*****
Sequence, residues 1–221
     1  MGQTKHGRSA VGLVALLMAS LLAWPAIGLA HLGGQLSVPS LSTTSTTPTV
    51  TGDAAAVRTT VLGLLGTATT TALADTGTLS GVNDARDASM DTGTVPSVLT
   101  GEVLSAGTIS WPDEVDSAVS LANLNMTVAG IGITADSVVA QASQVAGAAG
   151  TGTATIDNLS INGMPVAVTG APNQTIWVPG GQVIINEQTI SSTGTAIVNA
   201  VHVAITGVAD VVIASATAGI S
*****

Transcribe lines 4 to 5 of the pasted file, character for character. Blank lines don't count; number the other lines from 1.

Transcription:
   101  GEVLSAGTIS WPDEVDSAVS LANLNMTVAG IGITADSVVA QASQVAGAAG
   151  TGTATIDNLS INGMPVAVTG APNQTIWVPG GQVIINEQTI SSTGTAIVNA